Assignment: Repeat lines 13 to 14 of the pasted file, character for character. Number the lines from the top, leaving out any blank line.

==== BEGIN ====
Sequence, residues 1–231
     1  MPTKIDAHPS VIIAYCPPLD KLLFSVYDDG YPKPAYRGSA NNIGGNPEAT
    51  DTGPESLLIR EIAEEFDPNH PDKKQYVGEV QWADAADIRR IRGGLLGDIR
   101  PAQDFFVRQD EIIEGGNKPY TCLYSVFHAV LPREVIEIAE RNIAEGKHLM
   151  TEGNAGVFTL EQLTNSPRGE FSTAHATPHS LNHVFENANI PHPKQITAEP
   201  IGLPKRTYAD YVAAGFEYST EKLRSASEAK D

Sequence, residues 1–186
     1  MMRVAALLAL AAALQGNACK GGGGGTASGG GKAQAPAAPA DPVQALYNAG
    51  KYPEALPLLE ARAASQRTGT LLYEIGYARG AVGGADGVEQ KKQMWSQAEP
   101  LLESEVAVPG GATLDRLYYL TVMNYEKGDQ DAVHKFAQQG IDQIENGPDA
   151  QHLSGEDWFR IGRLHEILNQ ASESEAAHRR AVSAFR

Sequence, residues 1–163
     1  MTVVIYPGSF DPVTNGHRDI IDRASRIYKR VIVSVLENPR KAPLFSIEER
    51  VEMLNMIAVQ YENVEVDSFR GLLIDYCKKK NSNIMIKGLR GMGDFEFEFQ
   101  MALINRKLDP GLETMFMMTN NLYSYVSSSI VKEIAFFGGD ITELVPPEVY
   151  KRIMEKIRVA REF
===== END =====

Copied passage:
     1  MTVVIYPGSF DPVTNGHRDI IDRASRIYKR VIVSVLENPR KAPLFSIEER
    51  VEMLNMIAVQ YENVEVDSFR GLLIDYCKKK NSNIMIKGLR GMGDFEFEFQ